Scott Libin let go as WCCO-TV News Director [updated]

It’s effective immediately. Former number two Mike Caputa will take over as acting news director.

New station G.M. Brien Kennedy made the change. Caputa is the only member of WCCO news triumvirate who remains: New-media director John Daenzer resigned Friday to take a job as TPT-TV’s Vice President of Interactive.

Kennedy was hired in June from Florida to replace longtime General Manager Susan Adams Loyd. It was the first time in years, WCCO’s big boss had no local experience. Since new G.M.s often bring in new news directors, that had many speculating Libin’s future was drawing short.

Still, in recent months, he introduced a popular reboot of the 6 p.m. newscast and others thought the new guy’s ax might pass the news director by.

WCCO has long been the area’s number-two newscast on the ad-driven 25-to-54-year-old demographic, behind KARE, though that can vary depending on newscast. One knock against the station is that its 10 p.m. newscast doesn’t build on CBS-TV’s market-leading prime-time numbers. KARE has two decades of brand equity, but despite the market-leading popularity of Julie Nelson and Belinda Jensen, that station may be vulnerable due to cost-cutting.

Kennedy is considered a fully corporate guy. Among other things, WCCO is merging its TV and radio websites soon, which may not improve TV’s current offering but provides a less expensive, corporate-standardized alternative. Kennedy would not comment for this story, but it’s possible more combos and cost-cuts coming and that requires a new manager’s full buy-in.

Libin was a bit of a non-traditional hire. Although he was the news boss at KSTP-TV from 1998 to 2003, he did two stints at the Poynter Institute for Media Studies, a journalism think tank. He worked for Poynter when WCCO and Loyd named him news director in November 2007.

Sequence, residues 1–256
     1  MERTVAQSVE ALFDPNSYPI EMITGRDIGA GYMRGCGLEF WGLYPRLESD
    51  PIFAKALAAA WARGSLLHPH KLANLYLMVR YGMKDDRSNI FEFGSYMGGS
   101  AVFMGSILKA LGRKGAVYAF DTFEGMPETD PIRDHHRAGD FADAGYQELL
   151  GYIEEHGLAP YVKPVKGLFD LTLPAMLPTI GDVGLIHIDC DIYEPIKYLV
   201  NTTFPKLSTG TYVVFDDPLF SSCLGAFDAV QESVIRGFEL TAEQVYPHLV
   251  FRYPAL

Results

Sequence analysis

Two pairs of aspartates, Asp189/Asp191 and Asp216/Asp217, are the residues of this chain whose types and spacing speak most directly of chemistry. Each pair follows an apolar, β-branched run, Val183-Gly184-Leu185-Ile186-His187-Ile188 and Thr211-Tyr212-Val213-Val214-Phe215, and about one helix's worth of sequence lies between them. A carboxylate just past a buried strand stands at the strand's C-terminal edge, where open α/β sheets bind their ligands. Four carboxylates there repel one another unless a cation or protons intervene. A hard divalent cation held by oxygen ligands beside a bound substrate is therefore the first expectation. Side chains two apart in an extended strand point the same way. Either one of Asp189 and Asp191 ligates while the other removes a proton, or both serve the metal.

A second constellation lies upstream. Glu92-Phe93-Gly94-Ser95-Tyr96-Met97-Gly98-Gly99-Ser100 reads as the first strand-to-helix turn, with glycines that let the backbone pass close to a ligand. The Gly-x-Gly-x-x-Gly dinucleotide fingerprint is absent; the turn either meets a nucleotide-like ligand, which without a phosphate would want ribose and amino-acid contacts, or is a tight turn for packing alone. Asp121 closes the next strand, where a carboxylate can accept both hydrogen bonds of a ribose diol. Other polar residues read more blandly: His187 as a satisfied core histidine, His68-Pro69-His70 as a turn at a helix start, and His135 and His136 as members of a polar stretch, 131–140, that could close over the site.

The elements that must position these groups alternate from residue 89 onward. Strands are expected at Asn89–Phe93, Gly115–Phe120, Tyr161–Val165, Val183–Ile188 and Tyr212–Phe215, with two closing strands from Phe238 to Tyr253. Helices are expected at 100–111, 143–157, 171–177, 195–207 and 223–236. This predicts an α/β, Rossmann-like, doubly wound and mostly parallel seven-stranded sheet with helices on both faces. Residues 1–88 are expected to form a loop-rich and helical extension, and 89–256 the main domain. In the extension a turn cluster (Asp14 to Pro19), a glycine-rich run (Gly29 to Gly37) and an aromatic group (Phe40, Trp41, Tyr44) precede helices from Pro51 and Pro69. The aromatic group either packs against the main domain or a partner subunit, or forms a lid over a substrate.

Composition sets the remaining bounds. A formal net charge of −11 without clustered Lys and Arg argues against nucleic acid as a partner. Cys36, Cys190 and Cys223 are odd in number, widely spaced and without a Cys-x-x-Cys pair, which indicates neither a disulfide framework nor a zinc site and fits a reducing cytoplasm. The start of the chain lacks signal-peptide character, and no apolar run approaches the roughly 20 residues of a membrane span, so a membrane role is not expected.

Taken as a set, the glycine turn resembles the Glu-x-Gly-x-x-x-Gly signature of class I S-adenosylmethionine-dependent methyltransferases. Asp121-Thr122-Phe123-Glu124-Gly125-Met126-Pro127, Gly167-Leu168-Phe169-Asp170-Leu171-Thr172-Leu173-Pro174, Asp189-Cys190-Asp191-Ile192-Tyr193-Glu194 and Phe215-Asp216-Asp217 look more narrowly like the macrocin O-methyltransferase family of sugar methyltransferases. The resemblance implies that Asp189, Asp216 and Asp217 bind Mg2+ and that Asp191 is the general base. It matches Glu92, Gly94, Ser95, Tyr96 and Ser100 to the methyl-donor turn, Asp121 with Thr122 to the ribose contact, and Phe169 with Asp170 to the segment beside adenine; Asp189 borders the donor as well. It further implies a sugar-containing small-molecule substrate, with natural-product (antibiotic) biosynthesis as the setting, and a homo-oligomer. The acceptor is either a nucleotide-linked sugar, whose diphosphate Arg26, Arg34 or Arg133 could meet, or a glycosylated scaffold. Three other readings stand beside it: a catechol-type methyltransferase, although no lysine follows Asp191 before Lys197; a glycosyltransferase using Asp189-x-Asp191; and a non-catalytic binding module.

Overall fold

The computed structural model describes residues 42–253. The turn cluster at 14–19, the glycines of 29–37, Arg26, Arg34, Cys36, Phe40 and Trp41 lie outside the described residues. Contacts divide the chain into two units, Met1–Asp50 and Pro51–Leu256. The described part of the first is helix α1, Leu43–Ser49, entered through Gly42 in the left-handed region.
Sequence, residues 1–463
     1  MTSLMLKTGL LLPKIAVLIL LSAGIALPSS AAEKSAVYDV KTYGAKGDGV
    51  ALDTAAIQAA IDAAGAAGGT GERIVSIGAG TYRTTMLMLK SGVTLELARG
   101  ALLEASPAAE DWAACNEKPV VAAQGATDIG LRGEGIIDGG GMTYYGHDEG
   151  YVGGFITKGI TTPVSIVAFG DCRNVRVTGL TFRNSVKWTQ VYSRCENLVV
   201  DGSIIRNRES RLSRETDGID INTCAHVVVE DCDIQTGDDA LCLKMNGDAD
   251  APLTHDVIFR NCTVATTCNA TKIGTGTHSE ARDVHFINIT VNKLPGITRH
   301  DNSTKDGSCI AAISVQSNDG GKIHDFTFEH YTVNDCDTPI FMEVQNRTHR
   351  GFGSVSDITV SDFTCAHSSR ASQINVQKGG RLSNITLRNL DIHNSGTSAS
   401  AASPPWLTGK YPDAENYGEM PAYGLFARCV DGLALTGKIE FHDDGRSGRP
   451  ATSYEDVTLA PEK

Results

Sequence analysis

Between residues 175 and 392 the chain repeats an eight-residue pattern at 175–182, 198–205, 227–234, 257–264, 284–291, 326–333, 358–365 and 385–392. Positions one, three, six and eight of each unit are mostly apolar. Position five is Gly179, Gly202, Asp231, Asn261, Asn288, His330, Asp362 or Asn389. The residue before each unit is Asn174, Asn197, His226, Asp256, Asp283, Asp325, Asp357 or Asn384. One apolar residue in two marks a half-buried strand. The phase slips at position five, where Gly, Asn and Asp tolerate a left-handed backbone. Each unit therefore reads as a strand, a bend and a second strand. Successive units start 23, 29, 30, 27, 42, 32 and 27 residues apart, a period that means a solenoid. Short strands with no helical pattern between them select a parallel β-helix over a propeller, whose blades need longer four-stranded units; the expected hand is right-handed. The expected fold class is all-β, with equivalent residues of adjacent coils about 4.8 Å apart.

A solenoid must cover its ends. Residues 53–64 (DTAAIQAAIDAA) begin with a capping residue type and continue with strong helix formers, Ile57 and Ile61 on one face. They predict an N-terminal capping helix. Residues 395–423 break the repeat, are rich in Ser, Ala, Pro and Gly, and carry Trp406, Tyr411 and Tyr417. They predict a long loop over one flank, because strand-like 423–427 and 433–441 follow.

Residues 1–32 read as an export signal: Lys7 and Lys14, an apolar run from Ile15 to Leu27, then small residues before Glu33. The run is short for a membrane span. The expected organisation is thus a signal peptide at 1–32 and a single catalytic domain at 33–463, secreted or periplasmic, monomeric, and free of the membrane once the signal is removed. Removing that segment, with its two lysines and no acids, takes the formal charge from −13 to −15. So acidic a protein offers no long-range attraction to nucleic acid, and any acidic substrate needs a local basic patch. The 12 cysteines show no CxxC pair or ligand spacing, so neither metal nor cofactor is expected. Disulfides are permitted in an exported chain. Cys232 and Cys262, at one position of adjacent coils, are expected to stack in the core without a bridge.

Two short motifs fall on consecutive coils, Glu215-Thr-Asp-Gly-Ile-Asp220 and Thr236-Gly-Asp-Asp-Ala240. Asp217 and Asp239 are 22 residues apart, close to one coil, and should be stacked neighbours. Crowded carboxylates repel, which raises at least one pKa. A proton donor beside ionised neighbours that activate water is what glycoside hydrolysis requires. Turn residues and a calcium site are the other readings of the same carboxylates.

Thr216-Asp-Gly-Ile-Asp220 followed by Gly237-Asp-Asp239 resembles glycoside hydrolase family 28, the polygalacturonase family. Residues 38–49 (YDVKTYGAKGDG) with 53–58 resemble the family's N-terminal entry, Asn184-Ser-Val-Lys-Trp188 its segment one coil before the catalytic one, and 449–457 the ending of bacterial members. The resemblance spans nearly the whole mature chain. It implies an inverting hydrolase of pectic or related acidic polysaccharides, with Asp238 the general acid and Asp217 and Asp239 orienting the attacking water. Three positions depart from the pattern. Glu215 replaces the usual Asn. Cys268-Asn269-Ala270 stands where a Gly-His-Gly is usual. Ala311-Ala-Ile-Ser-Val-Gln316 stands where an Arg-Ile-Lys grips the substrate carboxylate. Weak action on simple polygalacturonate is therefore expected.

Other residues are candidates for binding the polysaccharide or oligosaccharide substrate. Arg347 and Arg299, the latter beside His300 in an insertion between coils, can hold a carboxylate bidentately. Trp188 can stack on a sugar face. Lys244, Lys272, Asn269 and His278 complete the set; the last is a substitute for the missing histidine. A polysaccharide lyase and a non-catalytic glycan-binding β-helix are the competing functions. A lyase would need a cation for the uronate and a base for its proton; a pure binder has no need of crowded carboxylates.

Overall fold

Here’s the staff memo:

Team,

I have decided to make a change in our newsroom leadership effective immediately. During this transition Mike Caputa will be acting News Director and will work closely with the leadership team here at the station while overseeing the day to day operation of the newsroom.

I will begin the search for our News Director right away.

I want to thank Scott for all his work during his time here and I know all of you will join me in wishing him well in his future endeavors.

If you have any questions or concerns during this transition please feel free to drop me a note or come by the office anytime.

Sincerely,
Brien

Comments (12)

  1. Submitted by Tim McNeill on 10/11/2010 - 04:13 pm.

    This change has been coming for a long time. The news ratings have been flat for a number of years. The stories covered are light and dull. The look of the newscasts graphics, sets, and general apperance are poor. Changing the GM and now the news director are just signs that CBS needed to make a change because, with Shelby leaving, Frank V. taking over, ‘CCO is in trouble. Frank is just not the person to take the helm over there. He is weak and not major market material in my opinion. KARE got rid of him when he thought he needed to be paid like Paul Majors. If WCCO wants to get back into the news game, they need to up the game on many fronts. Getting rid of broadcast directors was a dumb mistake. ‘CCO’s news is full of nothing but technical errors, spelling and other “no excuse” errors. I hope in the fall when Shelby retires, ‘CCO finds the way with the right people and stop giving us crap. It becomes harder and harder to watch ‘CCO news for anything. I feel like I am watching the K-Mart of local newscasts each time I spill from CBS prime-time to the 10 pm show. With the money saved by putting Don on ice, I would hope that when a chopper needs to get up and cover something, when a major story breaks the right teams are sent out, and the whole thing gets packaged so it looks like the news is competing in the 20th century!! Here is to the hope that ‘CCO can gain some relevance in this market again. I long for the days when this station was owned by local people who thought “outside” the box!!

  2. Submitted by John O'Sullivan on 10/11/2010 - 07:29 pm.

    I don’t watch enough (read: any) WCCO live broadcasts anymore, but their production values are hardly cheap. They’ve got some great looking sets, beautiful graphics and crisp lighting. Production-wise, WCCO is doing some interesting things, unlike the competition which tends to sway toward the generic. Tim can you or anyone else expand on how you think the production looks “poor?”

  3. Submitted by Tim McNeill on 10/12/2010 - 12:30 am.